11 found
Order:
  1. Statistical Evidence, Sensitivity, and the Legal Value of Knowledge.David Enoch, Levi Spectre & Talia Fisher - 2012 - Philosophy and Public Affairs 40 (3):197-224.
    The law views with suspicion statistical evidence, even evidence that is probabilistically on a par with direct, individual evidence that the law is in no way suspicious of. But it has proved remarkably hard to either justify this suspicion, or to debunk it. In this paper, we connect the discussion of statistical evidence to broader epistemological discussions of similar phenomena. We highlight Sensitivity – the requirement that a belief be counterfactually sensitive to the truth in a specific way – as (...)
    Direct download (3 more)  
     
    Export citation  
     
    Bookmark   103 citations  
  2. Does legal epistemology rest on a mistake? On fetishism, two‐tier system design, and conscientious fact‐finding.David Enoch, Talia Fisher & Levi Spectre - 2021 - Philosophical Issues 31 (1):85-103.
  3.  30
    Trial by Design.Talia Fisher - 2023 - American Philosophical Quarterly 60 (2):149-167.
    The future of trial lies in customization. Throughout the Anglo-American world, the public model of criminal and civil procedure is gradually giving way to a private contractual paradigm, one which allows the litigating parties to tailor the evidentiary and procedural landscape of trial to fit their specific needs and preferences. Procedural and evidence rules are shifting from mandatory safeguards of public values to default rules and bargaining chips within the hands of the litigating parties. There is growing recognition in the (...)
    No categories
    Direct download (2 more)  
     
    Export citation  
     
    Bookmark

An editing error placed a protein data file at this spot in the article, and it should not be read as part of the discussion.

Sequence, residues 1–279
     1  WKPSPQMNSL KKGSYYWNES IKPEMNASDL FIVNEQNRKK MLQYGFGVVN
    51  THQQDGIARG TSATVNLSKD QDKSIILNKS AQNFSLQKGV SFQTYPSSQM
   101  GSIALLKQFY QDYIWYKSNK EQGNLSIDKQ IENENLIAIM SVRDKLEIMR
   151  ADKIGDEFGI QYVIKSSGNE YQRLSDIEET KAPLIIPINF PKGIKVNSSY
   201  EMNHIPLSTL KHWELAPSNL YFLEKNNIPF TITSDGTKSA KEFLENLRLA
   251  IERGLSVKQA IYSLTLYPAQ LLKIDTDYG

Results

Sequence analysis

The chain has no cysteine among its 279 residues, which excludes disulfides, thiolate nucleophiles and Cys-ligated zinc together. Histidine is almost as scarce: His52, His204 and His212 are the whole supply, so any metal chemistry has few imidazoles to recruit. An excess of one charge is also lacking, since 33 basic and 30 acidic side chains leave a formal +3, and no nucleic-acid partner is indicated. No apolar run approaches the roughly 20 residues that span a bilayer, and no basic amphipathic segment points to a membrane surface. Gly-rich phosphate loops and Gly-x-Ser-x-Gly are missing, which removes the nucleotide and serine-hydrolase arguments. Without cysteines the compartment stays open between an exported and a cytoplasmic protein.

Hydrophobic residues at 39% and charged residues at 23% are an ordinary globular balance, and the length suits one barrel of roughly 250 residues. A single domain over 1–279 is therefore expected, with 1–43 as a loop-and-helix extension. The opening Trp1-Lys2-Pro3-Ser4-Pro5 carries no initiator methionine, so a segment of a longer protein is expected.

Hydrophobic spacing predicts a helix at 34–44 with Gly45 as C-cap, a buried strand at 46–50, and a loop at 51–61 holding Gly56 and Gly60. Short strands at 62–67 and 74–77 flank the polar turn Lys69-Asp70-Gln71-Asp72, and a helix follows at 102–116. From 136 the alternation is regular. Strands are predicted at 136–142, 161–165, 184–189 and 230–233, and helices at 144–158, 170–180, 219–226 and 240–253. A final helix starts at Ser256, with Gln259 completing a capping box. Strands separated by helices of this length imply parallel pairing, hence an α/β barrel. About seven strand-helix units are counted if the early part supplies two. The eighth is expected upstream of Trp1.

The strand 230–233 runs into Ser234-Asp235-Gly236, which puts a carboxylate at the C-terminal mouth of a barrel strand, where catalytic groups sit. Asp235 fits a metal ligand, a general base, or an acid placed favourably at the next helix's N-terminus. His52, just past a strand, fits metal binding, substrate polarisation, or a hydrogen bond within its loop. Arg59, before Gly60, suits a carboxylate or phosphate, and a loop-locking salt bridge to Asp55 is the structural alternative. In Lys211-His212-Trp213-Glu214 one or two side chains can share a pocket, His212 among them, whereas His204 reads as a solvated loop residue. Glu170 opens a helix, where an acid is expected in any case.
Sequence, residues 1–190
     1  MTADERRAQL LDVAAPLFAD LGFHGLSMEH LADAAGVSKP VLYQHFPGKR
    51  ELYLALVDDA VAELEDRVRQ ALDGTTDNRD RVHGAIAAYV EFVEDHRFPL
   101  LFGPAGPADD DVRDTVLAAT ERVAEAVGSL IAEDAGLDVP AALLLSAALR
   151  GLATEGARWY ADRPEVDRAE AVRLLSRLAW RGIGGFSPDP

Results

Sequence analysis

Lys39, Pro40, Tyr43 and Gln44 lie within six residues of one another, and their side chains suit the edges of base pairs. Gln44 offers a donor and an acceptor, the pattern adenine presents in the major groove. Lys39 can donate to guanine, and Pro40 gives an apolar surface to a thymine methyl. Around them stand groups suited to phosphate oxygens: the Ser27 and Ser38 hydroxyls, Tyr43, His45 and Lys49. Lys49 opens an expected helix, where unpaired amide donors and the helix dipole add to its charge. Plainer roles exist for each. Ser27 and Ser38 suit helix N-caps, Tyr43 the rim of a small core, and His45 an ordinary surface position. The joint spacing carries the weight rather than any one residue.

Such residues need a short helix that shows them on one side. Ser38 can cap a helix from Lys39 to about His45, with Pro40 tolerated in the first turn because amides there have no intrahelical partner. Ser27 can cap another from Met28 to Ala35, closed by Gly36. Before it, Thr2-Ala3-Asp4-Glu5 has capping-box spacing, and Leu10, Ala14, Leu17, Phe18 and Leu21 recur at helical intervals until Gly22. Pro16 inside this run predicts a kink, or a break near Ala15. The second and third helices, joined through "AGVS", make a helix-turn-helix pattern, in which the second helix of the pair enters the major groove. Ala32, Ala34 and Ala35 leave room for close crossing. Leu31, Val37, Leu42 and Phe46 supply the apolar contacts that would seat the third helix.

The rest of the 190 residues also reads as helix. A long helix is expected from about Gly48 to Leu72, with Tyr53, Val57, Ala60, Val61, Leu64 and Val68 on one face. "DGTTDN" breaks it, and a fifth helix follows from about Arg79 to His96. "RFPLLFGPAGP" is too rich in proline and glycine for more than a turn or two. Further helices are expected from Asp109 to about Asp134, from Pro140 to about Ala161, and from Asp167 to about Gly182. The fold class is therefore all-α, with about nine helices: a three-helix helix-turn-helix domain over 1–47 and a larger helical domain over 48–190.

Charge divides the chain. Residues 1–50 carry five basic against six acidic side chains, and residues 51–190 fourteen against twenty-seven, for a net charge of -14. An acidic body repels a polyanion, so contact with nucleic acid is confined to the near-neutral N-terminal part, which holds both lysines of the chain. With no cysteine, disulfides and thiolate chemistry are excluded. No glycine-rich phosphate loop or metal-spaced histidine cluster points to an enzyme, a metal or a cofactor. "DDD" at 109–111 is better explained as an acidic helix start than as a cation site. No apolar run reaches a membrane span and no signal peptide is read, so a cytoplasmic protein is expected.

4.  17
    The State and the Market-A Parable: On the State's Commodifying Effects.Tsilly Dagan & Talia Fisher - 2011 - Public Reason 3 (2).
  5.  39
    A Nuanced Approach to the Privatization Debate.Talia Fisher - 2011 - Law and Ethics of Human Rights 5 (1):72-110.
    Current framing of the debate over the privatization of the State’s legislative and adjudicative functions masks the fact that there are distinct and conflicting versions of privatization of law. The different privatization models diverge on fundamental questions relating to the ontology of law, the role of social cooperation mechanisms in the lives of people, as well as the types of private legislative and adjudicative institutions that ought to replace the State’s legal system. In light of such conflicting normative premises, the (...)
    Direct download (3 more)  
     
    Export citation  
     
    Bookmark  
  6. Cost-benefit analysis of fact-finding.Talia Fisher - 2021 - In Christian Dahlman, Alex Stein & Giovanni Tuzet (eds.), Philosophical Foundations of Evidence Law. New York, NY: Oxford University Press.
     
    Export citation  
     
    Bookmark  
  7. Critical Notice: Force and Freedom: Can They Co-exist?Talia Fisher - 2011 - Canadian Journal of Law and Jurisprudence 24 (2):387-402.